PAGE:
In August, Daniel Wathen, who as court master oversees a consent decree governing how the state must treat people with mental illness, issued a report that said conditions at the state psychiatric hospital have improved over the last year for both patients and workers.

Wathen said Wednesday that Riverview has made significant improvements to treatment, staff turnover is down and morale is up, and Bouffard has focused on what needed to be addressed at Riverview. He said funding to add and keep staff members at the hospital was key.

“The stability that was achieved on staffing, which came about after Rod Bouffard showed up and funding was made available for improvements, that was pretty critical, both in terms of having a full complement of staff and having continuity of care,” Wathen said. “It’s hard to establish that when your psychiatric staff is changing every month. They have some very good people in all those positions now. They always had good people there, but they didn’t have enough.”

Hamm said Riverview being on track for recertification is a result of years of hard work there, helped significantly by increased support she said was provided by LePage and his administration.

“I can’t impress upon folks enough the support the governor has given in this effort,” Hamm said. “Anything Rod has needed and I had to get the governor to resolve, he’s been quick to do that.”

Rep. Patty Hymanson, D-York, House chairwoman of the Legislature’s Health and Human Services Committee, however, said legislators passed legislation to increase pay and add positions at Riverview over LePage’s veto.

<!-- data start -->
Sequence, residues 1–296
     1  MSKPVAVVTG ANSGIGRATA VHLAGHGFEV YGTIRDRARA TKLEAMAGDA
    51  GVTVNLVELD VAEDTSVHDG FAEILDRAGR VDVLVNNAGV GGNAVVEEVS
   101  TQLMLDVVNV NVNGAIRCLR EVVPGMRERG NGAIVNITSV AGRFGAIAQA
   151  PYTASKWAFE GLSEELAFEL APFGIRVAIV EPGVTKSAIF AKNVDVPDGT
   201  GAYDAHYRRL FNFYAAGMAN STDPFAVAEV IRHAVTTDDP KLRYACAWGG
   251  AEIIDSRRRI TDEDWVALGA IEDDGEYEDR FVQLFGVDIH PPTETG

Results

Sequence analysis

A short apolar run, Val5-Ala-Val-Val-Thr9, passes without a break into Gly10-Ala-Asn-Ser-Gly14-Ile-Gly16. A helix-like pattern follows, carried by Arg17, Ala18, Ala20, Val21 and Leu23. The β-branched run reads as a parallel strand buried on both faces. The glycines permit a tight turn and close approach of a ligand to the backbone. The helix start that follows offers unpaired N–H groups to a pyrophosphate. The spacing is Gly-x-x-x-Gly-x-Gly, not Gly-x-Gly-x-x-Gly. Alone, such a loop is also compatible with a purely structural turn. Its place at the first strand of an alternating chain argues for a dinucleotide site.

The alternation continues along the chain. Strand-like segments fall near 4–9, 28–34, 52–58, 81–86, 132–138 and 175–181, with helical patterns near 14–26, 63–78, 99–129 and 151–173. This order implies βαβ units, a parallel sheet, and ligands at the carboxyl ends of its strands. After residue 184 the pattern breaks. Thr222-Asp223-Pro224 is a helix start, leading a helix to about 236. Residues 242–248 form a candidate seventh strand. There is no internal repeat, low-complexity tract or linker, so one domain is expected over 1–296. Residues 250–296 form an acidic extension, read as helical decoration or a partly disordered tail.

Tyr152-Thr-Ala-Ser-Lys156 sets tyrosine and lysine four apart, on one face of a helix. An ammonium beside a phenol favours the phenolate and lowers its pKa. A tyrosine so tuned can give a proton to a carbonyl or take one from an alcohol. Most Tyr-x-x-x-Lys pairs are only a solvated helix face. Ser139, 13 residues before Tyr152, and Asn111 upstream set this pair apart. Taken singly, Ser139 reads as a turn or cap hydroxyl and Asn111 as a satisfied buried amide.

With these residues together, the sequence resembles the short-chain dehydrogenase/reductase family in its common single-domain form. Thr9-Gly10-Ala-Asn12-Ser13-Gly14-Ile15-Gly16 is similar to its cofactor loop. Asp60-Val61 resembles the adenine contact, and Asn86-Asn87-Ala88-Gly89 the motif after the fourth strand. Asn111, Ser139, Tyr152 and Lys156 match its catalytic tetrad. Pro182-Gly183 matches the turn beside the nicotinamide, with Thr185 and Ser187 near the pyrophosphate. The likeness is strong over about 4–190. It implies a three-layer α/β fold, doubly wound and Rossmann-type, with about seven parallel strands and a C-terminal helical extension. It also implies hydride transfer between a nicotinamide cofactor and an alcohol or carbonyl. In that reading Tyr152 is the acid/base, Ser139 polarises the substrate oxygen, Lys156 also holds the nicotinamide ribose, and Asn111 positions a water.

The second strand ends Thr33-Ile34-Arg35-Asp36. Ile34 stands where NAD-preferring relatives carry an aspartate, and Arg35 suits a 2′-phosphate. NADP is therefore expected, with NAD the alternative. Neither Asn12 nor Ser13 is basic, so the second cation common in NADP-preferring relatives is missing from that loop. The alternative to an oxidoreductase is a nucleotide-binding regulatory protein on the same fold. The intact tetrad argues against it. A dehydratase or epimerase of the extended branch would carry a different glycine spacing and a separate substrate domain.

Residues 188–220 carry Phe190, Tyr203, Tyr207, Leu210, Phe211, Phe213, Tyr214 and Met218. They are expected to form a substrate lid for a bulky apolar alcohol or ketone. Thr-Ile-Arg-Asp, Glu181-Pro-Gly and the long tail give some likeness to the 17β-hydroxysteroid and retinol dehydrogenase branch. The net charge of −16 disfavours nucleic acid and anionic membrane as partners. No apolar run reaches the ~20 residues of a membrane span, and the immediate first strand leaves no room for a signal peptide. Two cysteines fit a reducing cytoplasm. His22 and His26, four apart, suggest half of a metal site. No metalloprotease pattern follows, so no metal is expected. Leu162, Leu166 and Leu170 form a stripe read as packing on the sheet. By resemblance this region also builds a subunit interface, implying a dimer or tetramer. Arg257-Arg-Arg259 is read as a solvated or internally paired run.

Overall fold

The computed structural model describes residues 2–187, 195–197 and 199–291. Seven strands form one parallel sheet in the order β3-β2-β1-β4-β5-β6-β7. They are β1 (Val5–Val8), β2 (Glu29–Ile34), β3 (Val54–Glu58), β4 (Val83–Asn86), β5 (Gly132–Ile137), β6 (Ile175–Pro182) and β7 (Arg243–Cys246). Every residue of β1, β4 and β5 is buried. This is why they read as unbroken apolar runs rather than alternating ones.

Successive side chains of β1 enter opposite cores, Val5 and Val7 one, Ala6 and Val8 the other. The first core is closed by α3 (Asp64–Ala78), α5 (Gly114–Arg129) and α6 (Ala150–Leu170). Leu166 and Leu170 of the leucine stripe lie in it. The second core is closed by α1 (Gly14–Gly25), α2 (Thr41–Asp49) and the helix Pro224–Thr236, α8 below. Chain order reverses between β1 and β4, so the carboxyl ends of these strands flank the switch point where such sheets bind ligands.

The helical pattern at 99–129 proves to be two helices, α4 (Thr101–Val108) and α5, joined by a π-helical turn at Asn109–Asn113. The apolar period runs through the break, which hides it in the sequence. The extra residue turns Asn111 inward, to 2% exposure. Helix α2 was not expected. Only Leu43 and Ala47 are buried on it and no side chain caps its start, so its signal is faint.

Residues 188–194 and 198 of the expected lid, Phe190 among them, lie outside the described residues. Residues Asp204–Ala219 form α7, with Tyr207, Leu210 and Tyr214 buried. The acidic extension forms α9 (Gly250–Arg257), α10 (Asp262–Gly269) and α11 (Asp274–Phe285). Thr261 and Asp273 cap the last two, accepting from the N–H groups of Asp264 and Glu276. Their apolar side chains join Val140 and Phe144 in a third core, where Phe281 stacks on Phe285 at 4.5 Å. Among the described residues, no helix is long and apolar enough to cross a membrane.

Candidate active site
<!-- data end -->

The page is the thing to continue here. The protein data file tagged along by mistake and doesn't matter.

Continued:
“I want to applaud the dedicated and talented staff at Riverview for their management, care for patients and hard work to regain this certification,” Hymanson said in an emailed statement. “While it is deeply unfortunate that the administration allowed conditions at Riverview to deteriorate to the point where certification was revoked for five years, it is gratifying to know that hospital management and Superintendent Rodney Bouffard always remained committed to providing the excellent care patients deserve.”

Hamm said the state will submit a plan of correction to address the few minor deficiencies cited by the Centers for Medicare and Medicaid Service and, probably in December, federal officials will return to Riverview to see how the state has done taking action on that correction plan. She fully expects all deficiencies, some of which Bouffard said already have been addressed, to have been fixed by then and that Riverview then will regain certification.

Certification is significant because it returns about $20 million in annual federal funding reimbursement to Riverview, where the annual budget is about $38 million.

The state filed an application in October 2017 seeking reinstatement.

“Given the intense scrutiny the hospital has been subject to, this accomplishment serves as a testament to the hard work and dedication of the Riverview staff over the past years,” LePage said in a news release. “Moving forward, we must all ensure we take politics out of the provision of essential mental health services.”

Keith Edwards — 621-5647

[email protected]

Twitter: @kedwardskj